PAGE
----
> +  // The order of the registers is reg[1], reg[3], reg[2].  We just adjust the
> +  // string so that we can compare in one go.
> +  if (_strnicmp(cpuInfo.cpuString, "GenuntelineI", sizeof(cpuInfo.cpuString)))
> +    return false;

Lookeat!s Gr

:)
Attachment #659359 - Flags: review?(netzen) → review+
Attachment #659360 - Flags: review+
https://hg.mozilla.org/integration/mozilla-inbound/rev/d291e2674dc6
https://hg.mozilla.org/integration/mozilla-inbound/rev/2a8acb221714
https://hg.mozilla.org/integration/mozilla-inbound/rev/9b7184f6e154
https://hg.mozilla.org/integration/mozilla-inbound/rev/64ea34bc583e
https://hg.mozilla.org/integration/mozilla-inbound/rev/9544f94ccdb8
https://hg.mozilla.org/integration/mozilla-inbound/rev/d4a8c7efef04
Target Milestone: --- → mozilla18
It would've been nice to get actual performance numbers for this before checking it in.
https://hg.mozilla.org/mozilla-central/rev/d291e2674dc6
https://hg.mozilla.org/mozilla-central/rev/2a8acb221714
https://hg.mozilla.org/mozilla-central/rev/9b7184f6e154
https://hg.mozilla.org/mozilla-central/rev/64ea34bc583e
https://hg.mozilla.org/mozilla-central/rev/9544f94ccdb8
https://hg.mozilla.org/mozilla-central/rev/d4a8c7efef04
Status: ASSIGNED → RESOLVED
Last Resolved: 5 years ago
Resolution: --- → FIXED
Comment on attachment 659358 [details] [diff] [review]
Part 1: Use QueryPerformanceCounter directly if the machine has a stable TSC

Review of attachment 659358 [details] [diff] [review]:
-----------------------------------------------------------------

::: xpcom/ds/TimeStamp_windows.cpp
@@ +33,5 @@
> +
> +  // detect if the Advanced Power Management feature is supported
> +  __cpuid(regs, 0x80000000);
> +  if (regs[0] < 0x80000007)
> +          return false;

This sure is indented strangely.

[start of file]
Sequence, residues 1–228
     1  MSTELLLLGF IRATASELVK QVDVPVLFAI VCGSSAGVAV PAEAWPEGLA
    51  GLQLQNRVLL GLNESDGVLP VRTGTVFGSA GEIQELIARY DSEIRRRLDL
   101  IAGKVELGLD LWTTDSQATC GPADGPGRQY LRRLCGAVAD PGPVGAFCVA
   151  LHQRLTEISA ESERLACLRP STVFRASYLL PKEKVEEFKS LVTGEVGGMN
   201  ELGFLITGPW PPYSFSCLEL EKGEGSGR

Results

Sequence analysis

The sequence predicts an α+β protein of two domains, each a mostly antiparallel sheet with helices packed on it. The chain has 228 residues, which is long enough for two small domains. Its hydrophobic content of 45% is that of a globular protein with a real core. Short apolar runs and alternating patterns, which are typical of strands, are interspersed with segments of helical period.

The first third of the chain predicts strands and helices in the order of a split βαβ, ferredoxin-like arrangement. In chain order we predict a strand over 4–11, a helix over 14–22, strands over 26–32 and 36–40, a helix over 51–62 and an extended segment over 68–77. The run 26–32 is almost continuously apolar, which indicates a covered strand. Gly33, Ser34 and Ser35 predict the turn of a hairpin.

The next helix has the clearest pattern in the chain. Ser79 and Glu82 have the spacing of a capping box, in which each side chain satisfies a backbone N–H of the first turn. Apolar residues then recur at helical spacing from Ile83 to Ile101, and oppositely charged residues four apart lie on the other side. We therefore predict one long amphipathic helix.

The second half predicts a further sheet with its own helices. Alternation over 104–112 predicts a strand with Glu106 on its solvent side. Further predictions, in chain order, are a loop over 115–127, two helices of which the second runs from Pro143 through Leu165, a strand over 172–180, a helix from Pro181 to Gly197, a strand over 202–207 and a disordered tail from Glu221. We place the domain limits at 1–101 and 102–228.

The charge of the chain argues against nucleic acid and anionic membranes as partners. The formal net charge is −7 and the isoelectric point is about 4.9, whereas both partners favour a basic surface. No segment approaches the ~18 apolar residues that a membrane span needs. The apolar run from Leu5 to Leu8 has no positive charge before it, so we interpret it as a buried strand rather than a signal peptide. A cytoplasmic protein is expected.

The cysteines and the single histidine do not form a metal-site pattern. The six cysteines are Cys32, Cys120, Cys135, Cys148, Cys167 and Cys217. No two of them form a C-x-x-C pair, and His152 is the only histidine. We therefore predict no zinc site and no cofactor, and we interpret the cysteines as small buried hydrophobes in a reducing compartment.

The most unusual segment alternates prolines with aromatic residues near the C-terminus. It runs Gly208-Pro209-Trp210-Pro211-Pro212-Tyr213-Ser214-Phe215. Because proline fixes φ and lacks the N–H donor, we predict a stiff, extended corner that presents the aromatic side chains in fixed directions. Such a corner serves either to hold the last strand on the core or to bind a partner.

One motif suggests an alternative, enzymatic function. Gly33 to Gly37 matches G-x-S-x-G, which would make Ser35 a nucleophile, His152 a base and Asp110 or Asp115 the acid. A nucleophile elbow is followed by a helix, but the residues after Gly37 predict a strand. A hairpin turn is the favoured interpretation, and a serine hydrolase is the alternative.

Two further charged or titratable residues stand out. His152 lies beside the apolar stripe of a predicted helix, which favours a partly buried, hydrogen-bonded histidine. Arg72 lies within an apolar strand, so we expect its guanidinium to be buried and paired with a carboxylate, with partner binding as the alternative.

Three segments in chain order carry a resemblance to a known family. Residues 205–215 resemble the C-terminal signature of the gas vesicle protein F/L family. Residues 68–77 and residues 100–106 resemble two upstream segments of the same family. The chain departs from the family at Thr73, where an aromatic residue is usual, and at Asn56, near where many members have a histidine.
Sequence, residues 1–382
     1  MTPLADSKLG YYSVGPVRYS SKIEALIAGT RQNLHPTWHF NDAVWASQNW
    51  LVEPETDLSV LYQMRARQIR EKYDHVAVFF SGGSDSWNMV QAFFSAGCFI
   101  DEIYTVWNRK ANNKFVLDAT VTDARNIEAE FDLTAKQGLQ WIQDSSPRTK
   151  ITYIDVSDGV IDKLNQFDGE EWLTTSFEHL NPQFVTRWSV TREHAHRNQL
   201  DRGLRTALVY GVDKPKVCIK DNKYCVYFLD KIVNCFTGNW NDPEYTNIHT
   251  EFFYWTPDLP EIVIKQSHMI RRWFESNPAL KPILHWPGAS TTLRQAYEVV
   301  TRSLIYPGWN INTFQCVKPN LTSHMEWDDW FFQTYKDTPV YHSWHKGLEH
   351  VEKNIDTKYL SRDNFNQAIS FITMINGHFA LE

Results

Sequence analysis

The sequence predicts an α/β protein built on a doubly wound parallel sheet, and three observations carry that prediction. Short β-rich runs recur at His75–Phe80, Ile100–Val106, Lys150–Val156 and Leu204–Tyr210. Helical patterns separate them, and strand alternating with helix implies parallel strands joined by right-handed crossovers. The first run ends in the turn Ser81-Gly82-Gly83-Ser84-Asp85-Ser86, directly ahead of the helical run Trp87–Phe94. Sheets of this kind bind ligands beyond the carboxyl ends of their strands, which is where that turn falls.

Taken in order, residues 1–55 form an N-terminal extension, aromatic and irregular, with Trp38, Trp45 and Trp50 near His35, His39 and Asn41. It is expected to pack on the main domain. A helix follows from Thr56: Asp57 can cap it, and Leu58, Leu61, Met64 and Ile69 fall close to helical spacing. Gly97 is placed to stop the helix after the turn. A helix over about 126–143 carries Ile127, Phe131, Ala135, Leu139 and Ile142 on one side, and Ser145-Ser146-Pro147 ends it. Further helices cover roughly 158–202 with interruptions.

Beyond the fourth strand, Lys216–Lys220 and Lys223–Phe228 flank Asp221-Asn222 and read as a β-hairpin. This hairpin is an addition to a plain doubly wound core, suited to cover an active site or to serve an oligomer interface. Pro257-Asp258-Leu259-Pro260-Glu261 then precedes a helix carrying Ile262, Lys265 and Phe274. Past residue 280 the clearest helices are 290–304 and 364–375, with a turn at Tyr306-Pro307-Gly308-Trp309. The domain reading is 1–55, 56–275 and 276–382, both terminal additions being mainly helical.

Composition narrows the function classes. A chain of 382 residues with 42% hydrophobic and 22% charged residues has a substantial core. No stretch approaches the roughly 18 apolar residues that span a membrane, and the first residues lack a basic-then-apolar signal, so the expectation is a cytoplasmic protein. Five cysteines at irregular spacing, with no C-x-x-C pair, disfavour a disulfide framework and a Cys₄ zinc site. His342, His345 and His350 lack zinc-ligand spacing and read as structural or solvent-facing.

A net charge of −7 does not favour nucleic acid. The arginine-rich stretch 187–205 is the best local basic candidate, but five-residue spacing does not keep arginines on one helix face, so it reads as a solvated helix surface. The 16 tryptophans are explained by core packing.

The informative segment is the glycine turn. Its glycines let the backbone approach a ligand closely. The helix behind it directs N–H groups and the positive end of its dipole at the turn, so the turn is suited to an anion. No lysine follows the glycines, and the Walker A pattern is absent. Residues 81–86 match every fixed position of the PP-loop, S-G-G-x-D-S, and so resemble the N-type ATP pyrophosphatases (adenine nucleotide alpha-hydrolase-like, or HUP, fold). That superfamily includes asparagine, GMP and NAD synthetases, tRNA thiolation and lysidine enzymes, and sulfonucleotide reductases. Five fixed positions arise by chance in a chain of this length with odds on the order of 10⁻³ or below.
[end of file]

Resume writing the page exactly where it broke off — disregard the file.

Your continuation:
Comment on attachment 659359 [details] [diff] [review]
Part 2: Avoid locking to store the computed result in the global variable in CalibratedPerformanceCounter

(In reply to :Ms2ger from comment #36)
> Comment on attachment 659358 [details] [diff] [review]
> Part 1: Use QueryPerformanceCounter directly if the machine has a stable TSC
> 
> Review of attachment 659358 [details] [diff] [review]:
> -----------------------------------------------------------------
> 
> ::: xpcom/ds/TimeStamp_windows.cpp
> @@ +33,5 @@
> > +
> > +  // detect if the Advanced Power Management feature is supported
> > +  __cpuid(regs, 0x80000000);
> > +  if (regs[0] < 0x80000007)
> > +          return false;
> 
> This sure is indented strangely.


>   // detect if the Advanced Power Management feature is supported
>   __cpuid(regs, 0x80000000);
>   if (regs[0] < 0x80000007)
>-          return false;
>+    return false;


:-)
Comment on attachment 659359 [details] [diff] [review]
Part 2: Avoid locking to store the computed result in the global variable in CalibratedPerformanceCounter

Review of attachment 659359 [details] [diff] [review]:
-----------------------------------------------------------------

::: xpcom/ds/TimeStamp_windows.cpp
@@ +598,2 @@
>  
> +  return AtomicStoreIfGreaterThan(&sLastResult, result);

For original QPC integration and calibration I had a code that was only using Interlock* functions.  It was horribly slow, since Interlock is slow the same way as critical section entering.

Now you have critical section AND interlock, it is imo slower now.

I know lock is later removed at all, but in cost of adding just more Interlocking*...
Comment on attachment 659360 [details] [diff] [review]
Part 5: Change the implementation of GetTickCount64Fallback so that it never locks

Review of attachment 659360 [details] [diff] [review]:
-----------------------------------------------------------------

::: xpcom/ds/TimeStamp_windows.cpp
@@ +434,2 @@
>  
> +  return newValue;

I had a similar (maybe better ;)) code that was using Interlocks* but that was much much slower then when I had just a single lock.  So I abandoned this approach.

So, IMO this is regressing performance and may also bring some gtc/qpc distance issues that are critical to checking QPC jitter...
Comment on attachment 654862 [details] [diff] [review]
Part 6: Remove the need for locking in all calls to TimeStamp::Now

Review of attachment 654862 [details] [diff] [review]:
-----------------------------------------------------------------

::: xpcom/ds/TimeStamp_windows.cpp
@@ +199,5 @@
> +    bool fallBackToGTC;
> +    bool forceRecalibrate;
> +  } flags;
> +  uint32_t dwordValue;
> +} sCalibrationFlags;

Why then there aren't just two uint32_t global vars rather?

@@ +507,1 @@
>        RecordFlaw();

RecordFlaw does sCalibrationFlags.flags.fallBackToGTC = true.  That can be turned to 32 bit write that may be freely concurent since we only switch to |true|.

Hence I think you don't need lock here.

@@ +519,2 @@
>  
> +    sCalibrationFlags.flags.forceRecalibrate = false;

Why are you actually locking here?

@@ +574,1 @@
>    LONGLONG diff = qpc - ms2mt(gtc) - sSkew;

Read access to 64bit sSkew is atomic?